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IN THIS PHOTO: Howard Goodall

It was very much the titans Goodall and Lillywhite going against one another: I feel Lillywhite had some valid arguments and was a lot more spirited in his passion. Calling from Jakarta, not sure why he was there, I was amazed by Lillywhite’s venom and attack of the album and Goodall’s defence and supplication. It was a fascinating debate refereed and guided by host Will Gompertz – as part of his regular Sunday morning arts section. After the segment ended; headphones down and handshakes completed, Goodall had a car waiting to take him to his next interview whilst I was ejected into the warm air of Portland Place. Reflecting on the day, and the myriad sights and wonderful memories, it has given me that music bug: the need to go on radio more and get more involved. Perhaps not part of a debate – especially against an album I revere so fondly – but a longer show that discusses music or some aspect of it. I am not sure but, believe it or not, there was a smile on my face most of the time – even when Lillywhite was taking rather crude shots at some of The Beatles’ best work (having the gall to turn his nose up at A Day in the Life). Regardless, being in a building like Broadcasting House was immense and I definitely want to spend more time there. Having that feeling of being rather important (even briefly) was a huge rush and being on air, even in a reduced and minor role, was something I want to repeat. It got me thinking about careers in music and how infectious it can be. As a journalist, all of my experiences are written and I rarely get to meet the artists I feature. It is a process I perform because it is convenient and inexpensive.

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IN THIS PHOTO: Will Gompertz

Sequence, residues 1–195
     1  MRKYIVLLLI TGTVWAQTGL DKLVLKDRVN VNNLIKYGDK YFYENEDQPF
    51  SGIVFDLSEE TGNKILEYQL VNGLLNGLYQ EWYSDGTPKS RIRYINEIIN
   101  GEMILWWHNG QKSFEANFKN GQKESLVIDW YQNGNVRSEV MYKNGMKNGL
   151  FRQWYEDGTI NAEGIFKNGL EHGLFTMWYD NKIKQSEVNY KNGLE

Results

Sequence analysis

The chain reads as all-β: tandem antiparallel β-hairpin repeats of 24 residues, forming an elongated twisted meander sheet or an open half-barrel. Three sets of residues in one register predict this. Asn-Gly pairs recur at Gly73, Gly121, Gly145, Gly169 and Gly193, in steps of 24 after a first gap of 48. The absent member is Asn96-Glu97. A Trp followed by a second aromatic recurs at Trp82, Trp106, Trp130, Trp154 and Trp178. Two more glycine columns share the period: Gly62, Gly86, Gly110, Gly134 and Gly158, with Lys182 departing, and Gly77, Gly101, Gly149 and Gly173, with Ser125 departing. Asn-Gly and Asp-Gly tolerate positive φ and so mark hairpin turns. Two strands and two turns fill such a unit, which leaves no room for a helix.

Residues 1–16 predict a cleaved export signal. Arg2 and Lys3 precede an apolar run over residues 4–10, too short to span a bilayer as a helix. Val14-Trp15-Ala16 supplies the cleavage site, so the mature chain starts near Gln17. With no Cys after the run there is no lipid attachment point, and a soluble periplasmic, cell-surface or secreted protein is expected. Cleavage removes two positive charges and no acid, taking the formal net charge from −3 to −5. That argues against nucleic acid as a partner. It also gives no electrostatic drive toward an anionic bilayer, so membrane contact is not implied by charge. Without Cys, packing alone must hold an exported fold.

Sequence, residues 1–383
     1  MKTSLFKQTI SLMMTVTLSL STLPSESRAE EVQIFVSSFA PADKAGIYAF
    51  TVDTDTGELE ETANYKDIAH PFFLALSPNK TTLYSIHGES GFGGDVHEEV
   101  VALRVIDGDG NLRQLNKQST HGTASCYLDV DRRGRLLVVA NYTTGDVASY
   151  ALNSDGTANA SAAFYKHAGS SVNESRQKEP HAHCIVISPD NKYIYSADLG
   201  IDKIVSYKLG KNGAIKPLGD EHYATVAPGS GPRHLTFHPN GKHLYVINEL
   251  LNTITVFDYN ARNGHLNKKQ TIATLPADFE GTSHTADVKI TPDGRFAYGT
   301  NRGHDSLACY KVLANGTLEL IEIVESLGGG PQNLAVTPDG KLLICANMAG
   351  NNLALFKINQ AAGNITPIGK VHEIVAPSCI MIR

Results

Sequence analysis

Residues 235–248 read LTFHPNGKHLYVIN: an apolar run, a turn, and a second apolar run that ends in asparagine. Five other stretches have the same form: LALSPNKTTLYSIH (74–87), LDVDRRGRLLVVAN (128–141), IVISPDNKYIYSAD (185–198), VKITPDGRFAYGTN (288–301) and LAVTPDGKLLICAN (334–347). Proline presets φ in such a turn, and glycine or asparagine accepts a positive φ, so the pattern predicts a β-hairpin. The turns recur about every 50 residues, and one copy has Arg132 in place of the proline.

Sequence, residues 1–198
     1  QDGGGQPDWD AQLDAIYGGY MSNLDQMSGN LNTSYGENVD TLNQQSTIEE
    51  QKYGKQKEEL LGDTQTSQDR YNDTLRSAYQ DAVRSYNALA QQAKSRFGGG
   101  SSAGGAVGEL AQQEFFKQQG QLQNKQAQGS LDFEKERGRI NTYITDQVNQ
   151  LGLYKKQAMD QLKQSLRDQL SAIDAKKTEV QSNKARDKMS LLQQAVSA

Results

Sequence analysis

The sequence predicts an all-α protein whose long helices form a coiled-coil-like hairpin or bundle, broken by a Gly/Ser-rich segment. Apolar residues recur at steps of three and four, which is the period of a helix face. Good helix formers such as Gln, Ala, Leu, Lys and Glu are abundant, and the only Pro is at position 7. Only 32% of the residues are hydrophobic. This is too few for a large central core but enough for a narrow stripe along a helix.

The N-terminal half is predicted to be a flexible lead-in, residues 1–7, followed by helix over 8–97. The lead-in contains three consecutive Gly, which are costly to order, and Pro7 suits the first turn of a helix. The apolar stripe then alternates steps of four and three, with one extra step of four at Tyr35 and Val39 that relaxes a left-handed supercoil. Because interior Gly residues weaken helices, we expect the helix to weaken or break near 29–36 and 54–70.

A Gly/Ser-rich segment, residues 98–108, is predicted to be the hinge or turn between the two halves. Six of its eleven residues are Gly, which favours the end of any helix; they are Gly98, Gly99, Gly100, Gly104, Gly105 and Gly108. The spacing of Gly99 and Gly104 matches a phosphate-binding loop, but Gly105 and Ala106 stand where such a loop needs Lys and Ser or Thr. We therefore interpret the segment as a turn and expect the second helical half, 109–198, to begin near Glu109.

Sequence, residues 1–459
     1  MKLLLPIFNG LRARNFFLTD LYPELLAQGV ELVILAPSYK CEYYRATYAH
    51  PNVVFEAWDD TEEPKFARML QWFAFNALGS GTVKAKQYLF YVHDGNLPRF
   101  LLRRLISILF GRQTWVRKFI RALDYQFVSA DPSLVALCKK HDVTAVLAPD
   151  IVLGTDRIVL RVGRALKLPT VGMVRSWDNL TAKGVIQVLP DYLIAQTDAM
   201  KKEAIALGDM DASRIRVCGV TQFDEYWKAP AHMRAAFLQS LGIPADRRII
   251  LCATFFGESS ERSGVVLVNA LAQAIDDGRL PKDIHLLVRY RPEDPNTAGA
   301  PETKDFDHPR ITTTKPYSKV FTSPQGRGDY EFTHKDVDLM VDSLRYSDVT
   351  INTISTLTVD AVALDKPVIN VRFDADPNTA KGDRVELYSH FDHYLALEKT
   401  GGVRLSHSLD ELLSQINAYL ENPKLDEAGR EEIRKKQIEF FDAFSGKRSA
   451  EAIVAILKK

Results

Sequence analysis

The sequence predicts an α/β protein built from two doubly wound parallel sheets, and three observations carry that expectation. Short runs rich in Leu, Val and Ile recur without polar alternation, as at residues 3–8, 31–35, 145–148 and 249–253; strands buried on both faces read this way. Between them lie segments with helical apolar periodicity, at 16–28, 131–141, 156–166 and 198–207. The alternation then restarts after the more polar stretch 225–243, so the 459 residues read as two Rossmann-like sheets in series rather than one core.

I hope to move in the direction of YouTube and do some recorded interviews/features. It sounds odd but, nearly six years since setting up this blog, it is being outside and away from the laptop that brings the greatest pleasure. A short radio interview has not only solidified my intention working somewhere like Broadcasting House – or Salford’s MediaCityUK –and taking a much more physical approach to music. I am not sure what it is about music but those who are involved in it will endlessly chase that dream and ensure they keep their passion going. A lot of times money and a lack of opportunity cane put people off but there are plenty who doggedly peruse their careers. That is impressive to see in an industry that is notoriously difficult and competitive. Those musicians I review/interview have to battle the odds and often struggle to make ends meet. In any other role, you’d quit and get another job. For artists, nothing else will do and there is no way they are giving in. I feel the same way and, despite the fact I do not get paid for what I do, have that determination to produce as much as I can. Creative fertility aside; it is the rush and joy of finding great new music and getting to learn more about an artist. My creative urges will, invariably, lead me to London or Manchester: somewhere there are those chances available. Regular jobs, practical and necessary as they are, leave me rigid with boredom and misery. If you are going to spend your life in an office, say, then at least be there because you want to be. I have worked and lived pragmatically and ‘responsibly’ and, God help me, it is a dull and lamentable existence. Even if the risks are high, the rewards of working in the music industry are worth every bruise and knock-back.